How Jamestown Abandoned a Utopian Vision and Embraced Slavery

In 1619, Wealthy Investors Overthrew the Charter That Guaranteed Land for Everyone

In the summer of 1619, some of England’s first American colonists were carving up land seized from the Powhatan empire along the James River in Virginia. While the first settlers had arrived back in 1607, they had only recently discovered that they could turn a profit growing tobacco. Tobacco production had increased 20-fold over the past two years, and agricultural land was suddenly at a premium.

Yet the surveyors, instead of laying out private estates for upwardly mobile colonists, were mostly tracing the bounds of thousands of acres of common land. …

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In Fighting the Imperial Presidency, California Is Creating a Monster | Zocalo Public Square • Arizona State University • Smithsonian

In Fighting the Imperial Presidency, California Is Creating a Monster

As It Battles the Federal Government, Sacramento Has Gained Power at the Expense of Local Communities

As California builds its capacity to fight the Leviathan that is the Trump administration, does it risk turning our state government into a Leviathan of our own?

This unhappy question—about …

The Real Heroes of the Overland Trail Were the Oxen | Zocalo Public Square • Arizona State University • Smithsonian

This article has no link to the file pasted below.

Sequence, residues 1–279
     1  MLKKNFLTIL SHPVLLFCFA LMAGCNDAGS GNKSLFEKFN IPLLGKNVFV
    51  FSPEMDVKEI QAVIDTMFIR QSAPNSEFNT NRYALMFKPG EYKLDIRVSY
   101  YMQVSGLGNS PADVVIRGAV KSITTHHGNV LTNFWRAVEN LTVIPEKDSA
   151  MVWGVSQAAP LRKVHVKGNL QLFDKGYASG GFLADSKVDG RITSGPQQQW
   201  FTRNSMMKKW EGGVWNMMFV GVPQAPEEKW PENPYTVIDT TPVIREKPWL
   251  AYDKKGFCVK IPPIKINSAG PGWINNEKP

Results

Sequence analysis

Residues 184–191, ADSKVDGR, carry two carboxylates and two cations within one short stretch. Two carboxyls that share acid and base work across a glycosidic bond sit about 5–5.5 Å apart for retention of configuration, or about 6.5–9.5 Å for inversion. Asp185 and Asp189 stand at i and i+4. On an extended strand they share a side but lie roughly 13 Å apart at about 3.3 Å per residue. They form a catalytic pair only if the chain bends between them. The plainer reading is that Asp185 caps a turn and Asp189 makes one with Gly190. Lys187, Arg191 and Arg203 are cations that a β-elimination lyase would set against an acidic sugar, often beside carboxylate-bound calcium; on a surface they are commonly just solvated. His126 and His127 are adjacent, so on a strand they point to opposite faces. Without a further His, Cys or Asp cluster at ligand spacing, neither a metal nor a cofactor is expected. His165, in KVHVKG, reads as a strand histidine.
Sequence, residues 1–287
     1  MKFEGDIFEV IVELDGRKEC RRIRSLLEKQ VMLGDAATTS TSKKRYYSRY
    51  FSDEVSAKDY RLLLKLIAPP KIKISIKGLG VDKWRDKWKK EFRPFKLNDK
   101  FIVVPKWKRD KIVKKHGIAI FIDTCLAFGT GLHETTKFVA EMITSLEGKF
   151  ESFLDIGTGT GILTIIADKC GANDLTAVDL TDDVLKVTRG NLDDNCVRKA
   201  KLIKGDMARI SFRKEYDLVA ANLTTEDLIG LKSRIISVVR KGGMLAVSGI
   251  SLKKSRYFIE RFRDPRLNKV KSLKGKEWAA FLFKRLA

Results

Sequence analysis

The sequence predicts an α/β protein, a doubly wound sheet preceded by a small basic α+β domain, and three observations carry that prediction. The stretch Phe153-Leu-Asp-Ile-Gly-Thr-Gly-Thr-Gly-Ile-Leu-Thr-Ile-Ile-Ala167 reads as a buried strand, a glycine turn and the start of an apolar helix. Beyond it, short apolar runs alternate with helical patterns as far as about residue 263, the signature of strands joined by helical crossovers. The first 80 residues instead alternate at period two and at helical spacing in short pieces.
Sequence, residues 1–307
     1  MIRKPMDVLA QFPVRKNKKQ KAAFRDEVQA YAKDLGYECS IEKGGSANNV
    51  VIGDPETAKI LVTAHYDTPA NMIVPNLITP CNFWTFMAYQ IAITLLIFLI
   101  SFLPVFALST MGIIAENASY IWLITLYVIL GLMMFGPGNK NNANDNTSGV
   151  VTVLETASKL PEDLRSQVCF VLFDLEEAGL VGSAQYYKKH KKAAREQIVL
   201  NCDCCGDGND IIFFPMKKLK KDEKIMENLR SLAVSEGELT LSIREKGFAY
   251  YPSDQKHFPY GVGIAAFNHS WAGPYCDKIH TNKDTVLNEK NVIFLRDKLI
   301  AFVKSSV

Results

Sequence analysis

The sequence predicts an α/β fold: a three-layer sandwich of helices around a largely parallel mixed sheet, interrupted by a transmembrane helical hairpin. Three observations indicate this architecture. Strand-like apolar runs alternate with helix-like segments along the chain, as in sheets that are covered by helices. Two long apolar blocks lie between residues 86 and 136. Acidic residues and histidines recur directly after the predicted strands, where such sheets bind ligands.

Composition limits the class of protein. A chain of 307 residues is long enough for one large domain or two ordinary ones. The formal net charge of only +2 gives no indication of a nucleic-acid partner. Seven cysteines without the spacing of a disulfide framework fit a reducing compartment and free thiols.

The Oxen Were the Unheralded Heroes of America’s Overland Trails

Over Long Journeys, Westward Migrants Came to Love the 'Noble' Animals They Depended on

Between 1840 and 1869, approximately 300,000 people crossed the United States on their way to settle in Oregon, find gold in California, or practice religion as they desired in …

America’s Most Productive Agricultural Region Is Also One of Its Most Diverse | Zocalo Public Square • Arizona State University • Smithsonian

America’s Most Productive Agricultural Region Is Also One of Its Most Diverse

Since the 19th Century, California’s San Joaquin Valley Has Drawn Farmers From Around the World

California’s San Joaquin Valley is often dismissed as small and rural. To the contrary, it’s a massive area of farms, ranches, small towns, and growing cities, emblematic of the American …

When Americans Feared an Invasion From Their Northern Border | Zocalo Public Square • Arizona State University • Smithsonian

When Americans Feared an Invasion From Their Northern Border

In the Late 19th Century, the French Canadians Who Came to Work in Cotton Mills Were Treated as ‘Pawns in a Catholic Plot’

In 1893, Clare de Graffenried, special agent of the United States Department of Labor, published an article in The Forum describing an invasion of America’s northeastern border. For 30 …